We just got word that Hamden Fire Department chaplain Rev. Owen Sanderson - the only HFRA member NOT retired - is resting comfortably in the Saint Raphael's campus of Yale-New Haven Hospital following surgery after breaking his hip. He is recovering nicely and says he expects to be discharged from the hospital Saturday to begin physical therapy at a local facility.
Please keep "the Rev" in your thoughts and prayers.
(All photos courtesy of the Hamden Historical Society.)
The Mount Carmel [Upper] Axle Works - c. 1890 - CLICK TO ENLARGE
The western, unmolested slope of Sleeping Giant, years before it was being quarried, can be seen in the background of this c. 1890s photograph of the Mount Carmel Axle Works building, otherwise known as "the upper axle works." It was located on the east side of Whitney Avenue, between Mt. Carmel Avenue and Todd Street, in what was then called "Mount Carmel Center."
The "lower axle works" was located nearby, on the north side of Mt. Carmel Avenue about fifty yards in from Whitney.
This building, erected in 1854, was the birthplace of a manufacturing process that transformed American transportation. In his History of the Town of Hamden, published in January 1888, historian William Blake wrote, "This, without question, was the first development in America of making iron carriage axles by machinery - using the engine lathe and boring machine, for turning and fitting arm and box of the axle."
Martha Becker, the late municipal historian of Hamden, wrote in a Brief History and Description of the Industrial Sites on Park Land, Sleeping Giant State Park, Hamden CT., "The axle factory eventually passed into the hands of Willis Miller, whose father had worked for [the former owner] and who himself started work as a boy in the axle factory, inventing a 'patent axle' which bore his name."
"New" Upper Axle Works building (1907-c.1917) - Hamden Historical Society
Willis Miller, born in 1841, died on October 18, 1904. In the early hours of Sunday, January 27, 1905, just three months after Mr. Miller's death, the upper axle works building was destroyedby fire, no meaningful fire defenses being available in Mount Carmel at the time. All of the company's completed stock as well as company records were also destroyed.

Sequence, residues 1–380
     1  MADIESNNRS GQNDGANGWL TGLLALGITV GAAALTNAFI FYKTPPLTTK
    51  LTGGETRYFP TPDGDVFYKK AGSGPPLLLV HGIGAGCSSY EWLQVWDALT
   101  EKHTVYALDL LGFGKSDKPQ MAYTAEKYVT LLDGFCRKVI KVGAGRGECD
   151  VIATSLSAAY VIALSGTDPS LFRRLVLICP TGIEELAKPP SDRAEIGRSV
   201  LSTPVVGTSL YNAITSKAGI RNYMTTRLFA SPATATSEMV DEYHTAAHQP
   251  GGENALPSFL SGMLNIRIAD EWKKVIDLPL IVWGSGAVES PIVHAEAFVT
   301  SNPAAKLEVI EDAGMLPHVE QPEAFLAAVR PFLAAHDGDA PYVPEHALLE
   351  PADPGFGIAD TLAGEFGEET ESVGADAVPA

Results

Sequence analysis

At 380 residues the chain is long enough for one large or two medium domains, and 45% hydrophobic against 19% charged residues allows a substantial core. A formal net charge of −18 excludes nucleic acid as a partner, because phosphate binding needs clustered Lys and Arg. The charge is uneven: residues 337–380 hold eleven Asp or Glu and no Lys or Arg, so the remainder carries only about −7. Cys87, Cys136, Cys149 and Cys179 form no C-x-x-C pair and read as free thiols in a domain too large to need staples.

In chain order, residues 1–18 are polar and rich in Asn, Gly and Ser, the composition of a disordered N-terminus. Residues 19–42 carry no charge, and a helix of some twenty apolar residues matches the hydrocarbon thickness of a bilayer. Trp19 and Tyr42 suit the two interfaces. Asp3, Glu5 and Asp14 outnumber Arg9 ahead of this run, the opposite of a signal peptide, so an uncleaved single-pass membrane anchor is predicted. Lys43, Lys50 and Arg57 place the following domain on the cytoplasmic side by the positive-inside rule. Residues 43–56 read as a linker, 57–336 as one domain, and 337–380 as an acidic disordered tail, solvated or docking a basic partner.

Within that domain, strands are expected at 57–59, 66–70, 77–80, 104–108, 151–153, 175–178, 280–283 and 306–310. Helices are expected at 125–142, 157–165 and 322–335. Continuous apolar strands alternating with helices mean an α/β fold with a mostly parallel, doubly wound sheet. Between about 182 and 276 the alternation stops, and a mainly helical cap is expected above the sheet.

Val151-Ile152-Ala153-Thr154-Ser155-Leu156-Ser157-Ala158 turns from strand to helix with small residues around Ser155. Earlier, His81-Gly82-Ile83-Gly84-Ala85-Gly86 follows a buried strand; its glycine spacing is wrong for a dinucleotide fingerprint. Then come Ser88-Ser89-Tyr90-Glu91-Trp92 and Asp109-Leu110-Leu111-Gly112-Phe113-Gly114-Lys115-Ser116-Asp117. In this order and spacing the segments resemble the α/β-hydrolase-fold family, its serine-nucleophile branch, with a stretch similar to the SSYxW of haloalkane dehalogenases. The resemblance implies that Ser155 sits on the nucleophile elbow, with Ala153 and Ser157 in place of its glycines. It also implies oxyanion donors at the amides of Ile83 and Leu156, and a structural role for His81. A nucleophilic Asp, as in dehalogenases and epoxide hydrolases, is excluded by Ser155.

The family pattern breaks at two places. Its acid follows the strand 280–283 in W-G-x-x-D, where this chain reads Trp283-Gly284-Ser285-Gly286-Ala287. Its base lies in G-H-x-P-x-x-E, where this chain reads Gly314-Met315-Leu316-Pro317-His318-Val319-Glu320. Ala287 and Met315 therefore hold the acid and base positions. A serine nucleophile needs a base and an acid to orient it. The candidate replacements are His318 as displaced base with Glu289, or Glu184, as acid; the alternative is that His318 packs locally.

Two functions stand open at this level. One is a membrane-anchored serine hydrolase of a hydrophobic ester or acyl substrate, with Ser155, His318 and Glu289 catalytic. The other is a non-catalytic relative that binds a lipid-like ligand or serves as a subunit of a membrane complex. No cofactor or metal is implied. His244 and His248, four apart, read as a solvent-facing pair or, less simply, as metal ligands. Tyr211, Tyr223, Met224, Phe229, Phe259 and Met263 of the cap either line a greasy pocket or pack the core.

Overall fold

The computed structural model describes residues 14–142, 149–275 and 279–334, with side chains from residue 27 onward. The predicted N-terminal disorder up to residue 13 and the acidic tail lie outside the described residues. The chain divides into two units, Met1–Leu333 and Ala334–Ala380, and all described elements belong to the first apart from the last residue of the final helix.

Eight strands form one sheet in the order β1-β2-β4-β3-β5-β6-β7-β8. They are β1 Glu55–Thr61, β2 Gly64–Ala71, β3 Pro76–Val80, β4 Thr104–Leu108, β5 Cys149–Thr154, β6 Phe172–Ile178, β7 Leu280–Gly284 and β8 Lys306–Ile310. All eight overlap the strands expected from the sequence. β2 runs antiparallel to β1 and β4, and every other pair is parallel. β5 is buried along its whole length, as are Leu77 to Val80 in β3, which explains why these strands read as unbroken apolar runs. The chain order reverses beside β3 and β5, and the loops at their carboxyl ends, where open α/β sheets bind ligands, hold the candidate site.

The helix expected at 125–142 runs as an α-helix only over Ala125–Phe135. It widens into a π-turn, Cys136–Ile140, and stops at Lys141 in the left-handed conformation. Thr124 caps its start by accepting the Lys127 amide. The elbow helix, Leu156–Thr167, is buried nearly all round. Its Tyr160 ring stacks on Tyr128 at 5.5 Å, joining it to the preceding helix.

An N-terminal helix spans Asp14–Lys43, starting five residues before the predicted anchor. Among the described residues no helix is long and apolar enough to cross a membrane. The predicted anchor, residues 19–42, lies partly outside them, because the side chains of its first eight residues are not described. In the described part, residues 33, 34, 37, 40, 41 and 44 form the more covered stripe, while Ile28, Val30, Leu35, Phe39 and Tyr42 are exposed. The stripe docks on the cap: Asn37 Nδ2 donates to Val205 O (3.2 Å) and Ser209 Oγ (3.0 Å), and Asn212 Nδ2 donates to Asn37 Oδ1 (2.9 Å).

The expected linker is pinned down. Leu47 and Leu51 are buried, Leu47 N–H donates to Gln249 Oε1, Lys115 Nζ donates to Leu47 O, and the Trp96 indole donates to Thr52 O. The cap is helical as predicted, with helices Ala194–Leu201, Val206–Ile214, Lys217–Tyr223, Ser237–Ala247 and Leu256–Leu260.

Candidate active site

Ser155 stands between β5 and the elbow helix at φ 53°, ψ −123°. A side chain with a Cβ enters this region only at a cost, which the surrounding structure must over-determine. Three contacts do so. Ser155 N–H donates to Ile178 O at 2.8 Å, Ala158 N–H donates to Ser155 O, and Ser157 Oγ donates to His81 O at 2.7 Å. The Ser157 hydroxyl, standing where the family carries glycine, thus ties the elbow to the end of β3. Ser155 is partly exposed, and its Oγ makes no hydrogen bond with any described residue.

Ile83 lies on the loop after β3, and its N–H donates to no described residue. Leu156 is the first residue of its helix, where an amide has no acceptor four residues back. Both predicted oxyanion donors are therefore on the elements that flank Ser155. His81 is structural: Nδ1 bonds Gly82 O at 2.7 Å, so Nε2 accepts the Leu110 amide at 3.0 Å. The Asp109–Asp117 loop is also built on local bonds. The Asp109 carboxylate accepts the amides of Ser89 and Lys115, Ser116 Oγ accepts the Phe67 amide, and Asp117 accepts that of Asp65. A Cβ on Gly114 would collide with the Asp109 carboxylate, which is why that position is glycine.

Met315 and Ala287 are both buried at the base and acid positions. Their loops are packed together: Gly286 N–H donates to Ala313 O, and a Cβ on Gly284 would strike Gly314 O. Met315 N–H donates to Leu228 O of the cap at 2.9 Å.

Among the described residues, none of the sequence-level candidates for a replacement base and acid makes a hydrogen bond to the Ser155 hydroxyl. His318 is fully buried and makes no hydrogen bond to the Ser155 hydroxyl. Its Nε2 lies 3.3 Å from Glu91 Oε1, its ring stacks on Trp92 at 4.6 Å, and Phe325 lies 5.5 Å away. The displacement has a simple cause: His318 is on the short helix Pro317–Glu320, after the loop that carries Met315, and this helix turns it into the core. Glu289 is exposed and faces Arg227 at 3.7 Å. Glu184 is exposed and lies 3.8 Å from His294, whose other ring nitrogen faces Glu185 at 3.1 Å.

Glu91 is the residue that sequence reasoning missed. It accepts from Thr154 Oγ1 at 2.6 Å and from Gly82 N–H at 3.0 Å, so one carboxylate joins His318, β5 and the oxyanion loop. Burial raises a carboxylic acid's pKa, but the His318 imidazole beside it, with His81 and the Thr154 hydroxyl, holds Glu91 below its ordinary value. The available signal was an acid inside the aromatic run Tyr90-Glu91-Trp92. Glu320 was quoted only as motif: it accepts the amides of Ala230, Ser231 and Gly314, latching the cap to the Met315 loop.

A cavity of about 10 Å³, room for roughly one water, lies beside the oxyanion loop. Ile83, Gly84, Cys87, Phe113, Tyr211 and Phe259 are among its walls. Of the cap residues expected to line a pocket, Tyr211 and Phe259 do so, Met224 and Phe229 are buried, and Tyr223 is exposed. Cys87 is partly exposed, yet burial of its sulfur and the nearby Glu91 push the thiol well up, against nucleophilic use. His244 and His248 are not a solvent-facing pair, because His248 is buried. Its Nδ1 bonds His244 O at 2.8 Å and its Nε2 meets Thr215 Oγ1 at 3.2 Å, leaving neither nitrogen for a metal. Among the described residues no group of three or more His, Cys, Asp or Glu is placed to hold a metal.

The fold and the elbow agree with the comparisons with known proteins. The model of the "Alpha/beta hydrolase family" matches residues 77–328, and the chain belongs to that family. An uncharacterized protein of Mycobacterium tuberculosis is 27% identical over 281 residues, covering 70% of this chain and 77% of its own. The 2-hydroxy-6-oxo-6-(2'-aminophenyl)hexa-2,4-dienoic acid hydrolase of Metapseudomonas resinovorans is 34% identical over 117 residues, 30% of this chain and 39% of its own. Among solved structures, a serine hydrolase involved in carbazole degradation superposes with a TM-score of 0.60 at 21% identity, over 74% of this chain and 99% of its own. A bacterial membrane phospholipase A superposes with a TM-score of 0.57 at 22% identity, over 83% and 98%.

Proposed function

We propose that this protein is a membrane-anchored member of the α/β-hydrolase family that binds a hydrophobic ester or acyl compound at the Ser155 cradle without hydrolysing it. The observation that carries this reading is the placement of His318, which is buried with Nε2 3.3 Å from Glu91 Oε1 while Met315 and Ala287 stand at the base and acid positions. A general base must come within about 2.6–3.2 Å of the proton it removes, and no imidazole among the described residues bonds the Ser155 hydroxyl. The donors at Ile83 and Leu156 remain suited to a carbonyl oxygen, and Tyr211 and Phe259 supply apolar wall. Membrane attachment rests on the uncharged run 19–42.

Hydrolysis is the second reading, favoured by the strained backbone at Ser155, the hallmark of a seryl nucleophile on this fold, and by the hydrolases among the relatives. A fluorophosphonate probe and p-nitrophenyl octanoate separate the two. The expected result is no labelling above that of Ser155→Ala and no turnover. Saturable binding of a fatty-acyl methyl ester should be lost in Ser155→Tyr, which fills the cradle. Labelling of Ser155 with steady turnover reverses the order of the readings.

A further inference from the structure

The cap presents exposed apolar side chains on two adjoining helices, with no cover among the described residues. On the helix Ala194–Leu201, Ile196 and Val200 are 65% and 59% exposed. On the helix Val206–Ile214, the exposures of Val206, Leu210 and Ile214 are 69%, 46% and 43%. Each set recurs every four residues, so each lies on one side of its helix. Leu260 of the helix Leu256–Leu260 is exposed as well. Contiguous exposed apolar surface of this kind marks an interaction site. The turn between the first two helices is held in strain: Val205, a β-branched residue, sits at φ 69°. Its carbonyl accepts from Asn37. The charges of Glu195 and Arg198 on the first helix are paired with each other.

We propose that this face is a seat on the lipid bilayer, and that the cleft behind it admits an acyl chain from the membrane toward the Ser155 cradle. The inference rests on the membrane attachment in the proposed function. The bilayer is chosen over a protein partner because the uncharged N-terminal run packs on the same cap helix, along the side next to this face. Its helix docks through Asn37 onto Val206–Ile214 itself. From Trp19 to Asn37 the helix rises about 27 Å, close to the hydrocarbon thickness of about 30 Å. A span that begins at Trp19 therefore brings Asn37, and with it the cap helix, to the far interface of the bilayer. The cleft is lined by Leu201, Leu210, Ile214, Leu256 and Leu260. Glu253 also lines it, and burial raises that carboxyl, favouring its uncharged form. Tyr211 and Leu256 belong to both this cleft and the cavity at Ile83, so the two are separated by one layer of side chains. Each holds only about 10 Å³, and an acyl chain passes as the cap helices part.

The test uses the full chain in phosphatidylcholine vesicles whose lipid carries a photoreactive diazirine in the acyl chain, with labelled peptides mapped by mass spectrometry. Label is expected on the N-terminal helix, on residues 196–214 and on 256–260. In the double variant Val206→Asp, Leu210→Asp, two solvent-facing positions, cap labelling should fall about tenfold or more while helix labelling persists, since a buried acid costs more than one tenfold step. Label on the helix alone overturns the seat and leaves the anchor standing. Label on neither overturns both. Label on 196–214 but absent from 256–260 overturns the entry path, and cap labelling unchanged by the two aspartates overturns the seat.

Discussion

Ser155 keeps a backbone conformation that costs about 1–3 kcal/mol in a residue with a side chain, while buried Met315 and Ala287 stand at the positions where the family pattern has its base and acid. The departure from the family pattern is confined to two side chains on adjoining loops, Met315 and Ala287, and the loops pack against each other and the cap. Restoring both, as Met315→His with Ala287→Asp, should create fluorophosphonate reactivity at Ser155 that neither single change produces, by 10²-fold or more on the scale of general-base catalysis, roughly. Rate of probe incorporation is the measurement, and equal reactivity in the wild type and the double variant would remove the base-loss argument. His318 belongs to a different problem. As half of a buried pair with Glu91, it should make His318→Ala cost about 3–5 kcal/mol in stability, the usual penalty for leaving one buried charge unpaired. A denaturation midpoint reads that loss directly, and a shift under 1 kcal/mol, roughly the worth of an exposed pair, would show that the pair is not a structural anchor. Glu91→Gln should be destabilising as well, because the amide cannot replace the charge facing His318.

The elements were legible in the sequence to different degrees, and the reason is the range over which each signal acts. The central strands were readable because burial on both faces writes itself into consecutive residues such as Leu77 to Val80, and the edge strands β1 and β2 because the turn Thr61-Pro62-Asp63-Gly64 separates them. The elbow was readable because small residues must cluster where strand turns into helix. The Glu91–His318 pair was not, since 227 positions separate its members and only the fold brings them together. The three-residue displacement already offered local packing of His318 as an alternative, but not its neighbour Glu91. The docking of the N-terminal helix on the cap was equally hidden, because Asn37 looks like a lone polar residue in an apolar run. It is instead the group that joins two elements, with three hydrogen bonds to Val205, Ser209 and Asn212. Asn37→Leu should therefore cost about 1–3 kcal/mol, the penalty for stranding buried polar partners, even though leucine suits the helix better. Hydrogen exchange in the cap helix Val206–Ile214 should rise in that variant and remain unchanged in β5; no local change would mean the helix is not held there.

A new upper axle works building was erected on the same site. In 1907, the property was bought by the New Haven Water Company and the new building was occupied by the Liberty Cartridge Company, where the North Hamden Improvement Society organized its volunteer fire company in December 1911.
Sometime in the mid-1910s, the "new" upper axle works building apparently suffered the same fate as its predecessor because, by 1917, the aforementioned fire company was suddenly required to change its meeting venue to the Mt. Carmel Congragational Church parish house at Whitney and Sherman Avenues.
The building foundation still exists along the east side of Whitney Avenue,
about 200 feet north of Mt. Carmel Avenue.
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The "Lower" Axle Works was on the north side of Mt. Carmel Avenue, about fifty yards in from Whitney Avenue. It is shown in context with Whitney Avenue in the photo below.
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The Lower Axle Works can be seen in this c. 1911 photo of the Kimberly Store, which stood at the old corner of Mt. Carmel and Whitney Avenues - both not yet paved. Until 1935, that corner was about a hundred feet south of its present location.
Out-of-town ladder truck photo has a Hamden connection
c. 1981 - The two young firefighters sitting on the running board of this American-LaFrance aerial ladder truck in a nearby community were getting a little well-deserved R&R. They had just rescued an unconscious teenage girl from a small third-floor attic window in the front of the building. Prior to their arrival on scene, another teenage girl had fractured her leg jumping from the same window. Other firefighters located an unconscious adult on the second floor. Unfortunately the man passed due to smoke inhalation.
Nope, it's not ours. This early 1940's Diamond-T city service ladder truck manufactured in Topsfield, Massachusetts by the Wood Engineering Services was very similar to the 1941 model delivered to Hamden in late February 1942. Chan Brainard took this color photo of Plainville's truck during the 1951 Connecticut State Firemen's Convention parade in Stamford.
Just like Hamden's, the Plainville truck was equipped with a pump and booster reel. It also sported the typical red and cream paint job that appears to been a distinguishing characteristic of Wood's ladder trucks.
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Six decades later Clark Hurlburt took this photo of Plainville's truck and wrote, "I thought I saw a ghost!"
Chan Brainard's 1957 photo of Hamden's 1941 Diamond-T at Humphrey Station No. 2. The Hamden truck appears to have a somewhat longer wheelbase.
Connecticut River all iced over, just north of the Haddam Bridge
Ice, lots of ice!
The unseasonably frigid temperatures that blanketed Connecticut during the first part of 2018 resulted in this amazing ice field situated along the Connecticut River in Haddam.
Despite the best efforts of the U.S. Coast Guard to break it up, the ice jam has caused the river to overflow its banks in places with severe damage to some of the adjacent properties.
An "antiquing" road trip to Middlesex county last weekend brought the photographer to the bridge at Haddam, near the Goodspeed Opera House, an opportunity to take photos of this rare phenomenon for Connecticut. These shots were taken from the western bank of the river, just north of the bridge.
January 21, 2018 - Ice field along Connecticut River - CLICK TO ENLARGE